A friend of mine recently published a book about fatherhood. It’s called “Man v. Child” and it’s both the funniest dad book I’ve ever read and the only dad book I’ve ever read!
Relax, this isn’t a book review. I don’t do book reviews, because I don’t read parenting books and because I don’t feel qualified to review books and because I don’t need every yahoo out sending me their book. But very early in this one, the author, Doug something or other, raises an interesting question.
He asks the reader to consider what their dads were like as parents, and then asks the following question, based on their dad’s track record: “What can you fix?”
What if the answer is nothing?
Our moms and dads inevitably leave us with a lot of baggage, whether they’re aware of it or not. My personality is already infecting my eldest son – to be honest, that started the minute he was conceived; #ThanksGenetics! – and there’s not much I can do about that other than try to be the best version of myself.
For many of us, though, it’s not simply incidental nature-based afflictions, it’s also nurture-based stuff. Those negative parenting practices that impact children’s psyches in profound ways and influence their behavior down the line into adulthood. Sometimes, recognizing that impact and being aware of the ways your parents affected you is the first step in fixing yourself and improving your behavior.
What if you don’t have that baggage? What if your parents were awesome and you’re still terrible? What if you have no one to blame but yourself?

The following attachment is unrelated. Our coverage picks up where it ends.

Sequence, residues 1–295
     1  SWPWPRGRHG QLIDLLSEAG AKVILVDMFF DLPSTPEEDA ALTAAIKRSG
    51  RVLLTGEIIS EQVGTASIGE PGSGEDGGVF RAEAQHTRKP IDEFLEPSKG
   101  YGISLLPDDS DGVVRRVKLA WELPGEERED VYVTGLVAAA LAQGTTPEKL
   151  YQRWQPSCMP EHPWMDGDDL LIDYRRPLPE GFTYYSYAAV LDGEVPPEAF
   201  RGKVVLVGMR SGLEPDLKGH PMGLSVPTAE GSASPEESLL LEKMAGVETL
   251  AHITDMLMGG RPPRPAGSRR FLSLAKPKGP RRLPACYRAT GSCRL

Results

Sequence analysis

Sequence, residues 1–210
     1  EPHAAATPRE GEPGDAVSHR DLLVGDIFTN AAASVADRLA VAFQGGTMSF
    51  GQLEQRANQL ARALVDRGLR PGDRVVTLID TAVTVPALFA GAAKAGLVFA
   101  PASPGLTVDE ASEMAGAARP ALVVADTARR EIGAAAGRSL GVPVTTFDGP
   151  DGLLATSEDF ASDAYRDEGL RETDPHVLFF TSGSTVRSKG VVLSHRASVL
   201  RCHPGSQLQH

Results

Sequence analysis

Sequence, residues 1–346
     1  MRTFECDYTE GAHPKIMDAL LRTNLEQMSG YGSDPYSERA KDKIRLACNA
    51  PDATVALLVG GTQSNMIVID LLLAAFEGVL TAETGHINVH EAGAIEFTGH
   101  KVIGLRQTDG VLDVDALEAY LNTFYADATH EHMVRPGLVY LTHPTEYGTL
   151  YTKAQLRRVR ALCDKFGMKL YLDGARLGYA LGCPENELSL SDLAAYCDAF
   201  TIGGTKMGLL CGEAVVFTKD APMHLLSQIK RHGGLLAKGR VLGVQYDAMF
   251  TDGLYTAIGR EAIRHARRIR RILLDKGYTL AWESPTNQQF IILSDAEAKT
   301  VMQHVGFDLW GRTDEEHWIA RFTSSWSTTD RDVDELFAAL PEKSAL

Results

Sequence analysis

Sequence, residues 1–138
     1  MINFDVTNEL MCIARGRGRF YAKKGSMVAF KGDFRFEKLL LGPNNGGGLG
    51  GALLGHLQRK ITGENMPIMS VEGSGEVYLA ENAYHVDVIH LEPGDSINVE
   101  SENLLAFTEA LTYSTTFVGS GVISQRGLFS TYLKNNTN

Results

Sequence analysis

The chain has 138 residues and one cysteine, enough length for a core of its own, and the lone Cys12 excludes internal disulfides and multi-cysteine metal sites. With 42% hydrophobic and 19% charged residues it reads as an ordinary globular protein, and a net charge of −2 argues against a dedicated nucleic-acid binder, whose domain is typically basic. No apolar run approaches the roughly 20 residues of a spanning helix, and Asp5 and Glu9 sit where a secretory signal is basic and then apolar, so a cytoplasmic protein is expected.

My parents didn’t yell much, and didn’t spank much (if at all? I remember the threat more than the action), and were reasonable and respectful and kind and supportive and helpful and nice. It’s really annoying, especially since I’m none of those things with my kids and I have no one to blame it on. Worse, I’m missing a major parenting yardstick!
There’s a reason parents are always pointing out and judging so-called “bad parenting.” We need negative examples so we have something to measure ourselves against, a way to reassure ourselves that we’re doing okay. In the absence of a guidebook, using others as examples of what not to do is about as good as it gets.
Our own parents are often perfect for this. If yours spanked you and it backfired, causing you to fear and resent your parents, you know you won’t be doing that. If yours yelled all the time and it made your home life harrowing and unpleasant, you know you won’t be doing that either. But my parents were nothing but good examples. Instead of showing me what not to do, they set standards I’m already struggling to live up to!
Having good parents is a strange thing to complain about, I know. There’s a very good chance I’m attempting to rationalize my own inadequacies convincing myself that my bad parenting is actually good for my kids. The worse I am as their dad when they’re kids, the better I’ll be as their scapegoat when they’re adults!
But I can’t be sure because I’ve never been to therapy, because my parents didn’t mess me up enough to need it. THANKS A LOT, MOM AND DAD.